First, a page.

Why and how Amazon Counter could be good for the world

 

If it re-done right, that is.

Why and how Amazon Counter could be good for the world /img/amazon-counter.jpg

Back in early 2020 (*), a friend of mine asked online what people thought about Amazon Counter. My first reply greatly surprised him, because he knows my opinions about Amazon, and that reply started with:

“This really sounds like a consumer’s dream, and a green one too.”

The conversation continued as follows (edited for clarity).

Friend: Did you call it green because it would enable ‘cosmo-local’ production, that is small-scale manufacturing of products designed once and then reused globally?

Me: Let’s look at my FULL initial reply:

“This really sounds like a consumer’s dream, and a green one too[, because, if] Amazon Counter became the worldwide unified way to deliver both local and remotely sourced goods, it may keep both remote villages and historic city centers alive.”

Before cosmo-local production, I argue that a system like that would enable cosmo-local integrated delivery first. And that, in my opinion, may help a lot local producers of certain goods, who today are crushed by big supermarkets belonging to multinationals, to survive.

This would also allow people to keep using the many things that in a modern society still cannot be produced locally, in small batches. Not in the current reality, that is. See “comments to case study 1” in (even truer now than 12 years ago when I wrote it) my Thoughts on Peer to Peer production and deployment of PHYSICAL objects.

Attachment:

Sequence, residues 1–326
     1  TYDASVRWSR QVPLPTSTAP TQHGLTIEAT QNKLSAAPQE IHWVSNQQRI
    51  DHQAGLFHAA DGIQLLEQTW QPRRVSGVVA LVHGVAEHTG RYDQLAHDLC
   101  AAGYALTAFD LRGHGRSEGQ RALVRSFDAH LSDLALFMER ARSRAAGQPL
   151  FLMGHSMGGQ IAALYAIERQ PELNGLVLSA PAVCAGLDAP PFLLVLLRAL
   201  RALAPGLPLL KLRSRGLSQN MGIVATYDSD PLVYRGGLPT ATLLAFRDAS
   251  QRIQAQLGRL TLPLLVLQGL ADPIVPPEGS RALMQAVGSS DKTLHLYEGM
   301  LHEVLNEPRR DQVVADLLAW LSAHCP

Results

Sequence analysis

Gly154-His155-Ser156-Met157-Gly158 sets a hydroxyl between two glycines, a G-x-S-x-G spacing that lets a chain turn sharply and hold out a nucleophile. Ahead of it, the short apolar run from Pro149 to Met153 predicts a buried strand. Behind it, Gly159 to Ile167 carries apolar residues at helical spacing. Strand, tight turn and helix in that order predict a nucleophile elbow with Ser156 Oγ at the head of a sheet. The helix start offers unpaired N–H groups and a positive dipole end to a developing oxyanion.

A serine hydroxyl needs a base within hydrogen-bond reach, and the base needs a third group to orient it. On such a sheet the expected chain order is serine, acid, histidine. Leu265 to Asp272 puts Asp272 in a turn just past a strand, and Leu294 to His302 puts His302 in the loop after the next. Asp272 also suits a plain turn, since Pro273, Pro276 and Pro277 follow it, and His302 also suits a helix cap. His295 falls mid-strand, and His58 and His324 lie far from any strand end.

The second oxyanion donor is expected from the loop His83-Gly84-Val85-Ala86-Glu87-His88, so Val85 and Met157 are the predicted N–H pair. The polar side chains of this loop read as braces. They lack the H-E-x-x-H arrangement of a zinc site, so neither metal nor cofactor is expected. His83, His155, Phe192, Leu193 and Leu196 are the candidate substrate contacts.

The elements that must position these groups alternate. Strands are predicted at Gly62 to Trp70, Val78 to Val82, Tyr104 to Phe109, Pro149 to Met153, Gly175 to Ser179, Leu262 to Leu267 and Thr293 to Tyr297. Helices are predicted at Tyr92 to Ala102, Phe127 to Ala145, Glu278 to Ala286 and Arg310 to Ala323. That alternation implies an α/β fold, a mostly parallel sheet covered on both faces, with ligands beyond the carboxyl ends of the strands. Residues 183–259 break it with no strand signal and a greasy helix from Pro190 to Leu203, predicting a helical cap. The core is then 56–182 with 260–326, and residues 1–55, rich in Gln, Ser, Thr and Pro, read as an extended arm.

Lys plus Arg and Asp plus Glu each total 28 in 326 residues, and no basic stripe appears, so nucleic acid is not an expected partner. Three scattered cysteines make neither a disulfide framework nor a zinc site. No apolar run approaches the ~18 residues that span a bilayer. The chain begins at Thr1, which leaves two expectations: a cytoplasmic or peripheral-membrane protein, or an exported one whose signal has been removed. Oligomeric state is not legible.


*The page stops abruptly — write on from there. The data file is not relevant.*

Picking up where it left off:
In practice, if Amazon became the SLOW standard that I suggest, I could buy a new motherboard for my computer, or a new Arduino controller (both made in China with chips made in Malaysia… because HIGH volume production is the only way to make it affordable), a hand-made eco-leather wallet from an artisan in Florence, and fresh vegetables from a cooperative 15 km from home, but:

  • all in one order, from the same interface, with only one payment
  • have all delivered to the nearest counter (or to my door, paying extra? All by ONE drone?) as one bundle
  • without nobody like Amazon controlling my whole life, or abusing of its monopoly position, discriminating with selective pricing etc…
  • with the smallest possible amount of CO2, steel, energy etc… consumed to MOVE all this stuff from their suppliers to me.

This, in cities. In villages, this may also be the only way to keep them alive. It would give both to senior citizens who cannot drive or walk long distances, and to young couples with kids but no car, all they need to live a decent life without being forced to move or stay in the city.

If it becomes an international, non-proprietary standard like normal mail, that is.

(*) the original conversation happened in January 2020. I immediately saved it, as the basis for a blog post, but for some reason I completely forgot to do it until today. Never minds, it’s still relevant. Maybe even more, considering the current status of global supply chains)

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